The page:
When I sat down with the 2X at CES, naturally the first thing we did was run our usual suite of benchmarking tools on the phone. The phone was running Android 2.2.1 then, and even though the numbers were good, LG hadn’t quite finalized the software and didn’t think those numbers were representative. We didn’t publish, but knew that performance was good.

Obviously now we don’t have such limitations, and won’t keep you waiting any longer to see how Tegra 2 compares to other phones we’ve benchmarked already. We’ve already talked about performance a bit in our initial preview from back when we got the 2X, but there’s obviously a lot more we have now.

Before we start that discussion however, we need to talk about multithreading in Android. Android itself already is multithreaded natively, in fact, that’s part of delivering speedy UI. The idea is to render the UI using one thread and distribute slow tasks into a background threads as necessary. In the best case multithreaded scenario on Android, the main thread communicates to child threads using a handler class, and hums along until they come back with results and messages. It’s nothing new from a UI perspective—keep the thread drawing the screen active and speedy while longer processes run in the background. The even better part is that multiprocessor smartphones can immediately take advantage of multiple cores and distribute threads appropriately with Android. That said, Android 3.x (Honeycomb) brings a much tighter focus on multithreading and bringing things like garbage collecting off of the first CPU and onto the second. In case you haven't figured it out by now, Android releases generally pair with and are tailored to a specific SoC. If you had to assign those, it'd look something like this: 2.0-2.1—TI OMAP3, 2.2—Qualcomm Snapdragon, 2.3—Samsung Hummingbird, 3.0—Tegra 2.

Back to the point however, the same caveats we saw with multithreading on the PC apply in the mobile space. Applications need to be developed with the expressed intent of being multithreaded to feel faster. The big question on everyone's mind is whether Android 2.2.x can take advantage of those multiple cores. Turns out, the answer is yes.

First off, we can check that Android 2.2.1 on the 2X is indeed seeing the two Cortex-A9 cores by checking dmesg, which thankfully is quite easy to do over adb shell after a fresh boot. Sure enough, inside we can see two cores being brought up during boot by the kernel:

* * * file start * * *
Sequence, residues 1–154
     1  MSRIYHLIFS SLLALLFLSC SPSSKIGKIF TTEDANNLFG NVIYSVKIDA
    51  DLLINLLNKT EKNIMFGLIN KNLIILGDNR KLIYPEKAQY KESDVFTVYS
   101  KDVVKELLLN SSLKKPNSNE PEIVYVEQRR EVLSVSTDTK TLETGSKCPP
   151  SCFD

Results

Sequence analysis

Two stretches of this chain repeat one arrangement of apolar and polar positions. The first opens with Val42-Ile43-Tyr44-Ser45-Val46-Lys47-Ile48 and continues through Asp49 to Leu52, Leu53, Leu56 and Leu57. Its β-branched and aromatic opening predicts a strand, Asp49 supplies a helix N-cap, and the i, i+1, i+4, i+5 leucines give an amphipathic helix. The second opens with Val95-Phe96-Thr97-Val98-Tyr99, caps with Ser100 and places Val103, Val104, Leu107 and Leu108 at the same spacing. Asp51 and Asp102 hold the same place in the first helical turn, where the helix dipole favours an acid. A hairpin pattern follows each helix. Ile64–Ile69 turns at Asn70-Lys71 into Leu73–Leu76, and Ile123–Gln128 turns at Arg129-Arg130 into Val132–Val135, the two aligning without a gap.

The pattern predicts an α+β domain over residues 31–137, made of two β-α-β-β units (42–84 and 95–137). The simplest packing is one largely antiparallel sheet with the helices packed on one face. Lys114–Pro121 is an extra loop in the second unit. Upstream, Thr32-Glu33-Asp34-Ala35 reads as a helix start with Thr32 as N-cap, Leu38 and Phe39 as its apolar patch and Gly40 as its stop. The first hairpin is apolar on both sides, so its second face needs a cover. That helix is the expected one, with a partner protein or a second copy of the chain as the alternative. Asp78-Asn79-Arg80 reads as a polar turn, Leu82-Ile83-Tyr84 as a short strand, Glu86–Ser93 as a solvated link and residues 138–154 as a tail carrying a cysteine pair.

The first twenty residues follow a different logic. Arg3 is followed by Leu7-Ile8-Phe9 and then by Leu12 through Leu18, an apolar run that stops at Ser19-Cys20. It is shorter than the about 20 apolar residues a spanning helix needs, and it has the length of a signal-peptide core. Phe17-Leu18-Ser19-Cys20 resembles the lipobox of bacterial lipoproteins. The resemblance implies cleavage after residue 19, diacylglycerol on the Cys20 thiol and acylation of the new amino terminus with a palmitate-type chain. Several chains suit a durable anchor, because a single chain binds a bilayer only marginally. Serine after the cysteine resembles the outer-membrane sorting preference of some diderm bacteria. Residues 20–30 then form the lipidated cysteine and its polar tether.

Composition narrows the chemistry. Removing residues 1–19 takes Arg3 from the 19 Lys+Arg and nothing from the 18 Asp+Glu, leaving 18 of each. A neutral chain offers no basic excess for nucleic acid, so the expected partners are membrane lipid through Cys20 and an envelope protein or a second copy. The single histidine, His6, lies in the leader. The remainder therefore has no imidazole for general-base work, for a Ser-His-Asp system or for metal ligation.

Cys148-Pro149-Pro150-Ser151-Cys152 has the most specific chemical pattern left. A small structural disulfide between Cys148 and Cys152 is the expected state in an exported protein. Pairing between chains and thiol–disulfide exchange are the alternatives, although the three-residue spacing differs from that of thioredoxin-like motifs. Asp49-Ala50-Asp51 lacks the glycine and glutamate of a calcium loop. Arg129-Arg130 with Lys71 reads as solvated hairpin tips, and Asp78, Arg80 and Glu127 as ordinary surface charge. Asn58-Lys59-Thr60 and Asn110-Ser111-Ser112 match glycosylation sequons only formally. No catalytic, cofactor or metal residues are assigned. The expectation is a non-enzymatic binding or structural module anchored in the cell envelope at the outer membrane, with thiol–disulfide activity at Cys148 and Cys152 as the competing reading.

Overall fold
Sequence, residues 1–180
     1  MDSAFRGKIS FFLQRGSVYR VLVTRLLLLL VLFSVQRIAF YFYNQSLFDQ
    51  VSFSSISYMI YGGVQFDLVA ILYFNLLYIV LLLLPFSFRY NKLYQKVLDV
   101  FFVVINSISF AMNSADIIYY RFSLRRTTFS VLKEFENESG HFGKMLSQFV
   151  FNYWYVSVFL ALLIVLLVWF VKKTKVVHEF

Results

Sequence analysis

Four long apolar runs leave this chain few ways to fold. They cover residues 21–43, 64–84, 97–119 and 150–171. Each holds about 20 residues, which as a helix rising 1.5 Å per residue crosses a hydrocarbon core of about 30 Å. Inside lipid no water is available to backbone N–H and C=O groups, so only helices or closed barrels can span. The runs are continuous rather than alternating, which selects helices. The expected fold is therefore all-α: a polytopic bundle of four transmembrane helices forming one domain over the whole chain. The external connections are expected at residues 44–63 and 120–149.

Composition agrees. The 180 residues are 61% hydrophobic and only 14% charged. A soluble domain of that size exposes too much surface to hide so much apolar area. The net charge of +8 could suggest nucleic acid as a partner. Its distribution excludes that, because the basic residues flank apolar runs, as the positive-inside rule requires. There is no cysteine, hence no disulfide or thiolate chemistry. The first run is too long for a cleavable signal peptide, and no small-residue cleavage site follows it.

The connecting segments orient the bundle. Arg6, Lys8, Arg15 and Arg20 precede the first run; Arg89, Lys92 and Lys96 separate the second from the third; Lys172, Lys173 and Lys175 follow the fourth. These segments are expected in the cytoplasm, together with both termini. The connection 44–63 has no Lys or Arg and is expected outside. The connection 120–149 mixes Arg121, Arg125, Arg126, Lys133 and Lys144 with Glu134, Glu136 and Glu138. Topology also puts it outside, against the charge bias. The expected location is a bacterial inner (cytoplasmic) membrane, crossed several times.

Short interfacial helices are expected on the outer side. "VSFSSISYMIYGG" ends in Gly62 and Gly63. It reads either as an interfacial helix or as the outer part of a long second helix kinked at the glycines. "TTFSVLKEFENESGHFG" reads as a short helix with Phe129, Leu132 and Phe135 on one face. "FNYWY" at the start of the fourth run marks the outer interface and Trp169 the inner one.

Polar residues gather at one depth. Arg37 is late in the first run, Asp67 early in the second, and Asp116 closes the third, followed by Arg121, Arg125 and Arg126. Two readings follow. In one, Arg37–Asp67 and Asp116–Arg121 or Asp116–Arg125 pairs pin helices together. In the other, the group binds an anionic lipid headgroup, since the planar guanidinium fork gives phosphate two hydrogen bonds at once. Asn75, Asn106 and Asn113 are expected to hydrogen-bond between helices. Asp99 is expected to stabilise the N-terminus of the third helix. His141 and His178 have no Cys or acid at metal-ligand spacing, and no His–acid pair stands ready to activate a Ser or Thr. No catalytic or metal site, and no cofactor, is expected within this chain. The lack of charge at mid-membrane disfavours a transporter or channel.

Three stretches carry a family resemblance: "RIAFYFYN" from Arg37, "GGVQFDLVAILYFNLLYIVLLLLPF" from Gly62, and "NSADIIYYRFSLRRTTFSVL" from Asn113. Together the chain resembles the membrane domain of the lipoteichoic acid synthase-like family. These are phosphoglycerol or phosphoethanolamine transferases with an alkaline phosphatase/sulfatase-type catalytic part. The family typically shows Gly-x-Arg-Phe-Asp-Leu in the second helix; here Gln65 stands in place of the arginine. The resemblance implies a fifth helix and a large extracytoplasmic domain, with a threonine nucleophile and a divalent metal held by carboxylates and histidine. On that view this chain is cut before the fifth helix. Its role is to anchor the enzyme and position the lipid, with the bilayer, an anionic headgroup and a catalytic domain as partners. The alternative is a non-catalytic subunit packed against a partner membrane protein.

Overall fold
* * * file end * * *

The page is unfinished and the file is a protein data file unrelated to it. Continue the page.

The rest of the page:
<4>[  118.962880] CPU1: Booted secondary processor
<6>[  118.962989] Brought up 2 CPUs
<6>[  118.963003] SMP: Total of 2 processors activated (3997.69 BogoMIPS).
<7>[  118.963025] CPU0 attaching sched-domain:
<7>[  118.963036]  domain 0: span 0-1 level CPU
<7>[  118.963046]   groups: 0 1
<7>[  118.963063] CPU1 attaching sched-domain:
<7>[  118.963072]  domain 0: span 0-1 level CPU
<7>[  118.963079]   groups: 1 0
<6>[  118.986650] regulator: core version 0.5

The 2X runs the same linux kernel common to all of Android 2.2.x, but in a different mode. Check out the first line of dmesg from the Nexus One:

<5>[ 0.000000] Linux version ( (gcc version 4.4.0 (GCC) ) #1 PREEMPT Tue Aug 10 16:42:38 PDT 2010

Compare that to the 2X:

<5>[ 0.000000] Linux version (sp9pm_9@sp9pm2pl3) (gcc version 4.4.0 (GCC) ) #1 SMP PREEMPT Sun Jan 16 20:58:43 KST 2011

The major difference is the inclusion of “SMP” which shows definitively that Symmetric Multi-Processor support is enabled on the kernel, which means the entire platform can use both CPUs. PREEMPT of course shows that kernel preemption is enabled, which both have turned on. Again, having a kernel that supports multithreading isn’t going to magically make everything faster, but it lets applications with multiple threads automatically spread them out across multiple cores.

Though there are task managers on Android, seeing how many threads a given process has running isn’t quite as easy as it is on the desktop, however there still are ways of gauging multithreading. The two tools we have are both checking “dumpsys cpuinfo” from over adb shell, and simply looking at the historical CPU use reported in a monitoring program we use called System Panel which likely looks at the same thing.

The other interesting gem we can glean from the dmesg output are the clocks NVIDIA has set for most of the interesting bits of Tegra 2 in the 2X. There’s a section of output during boot which looks like the following: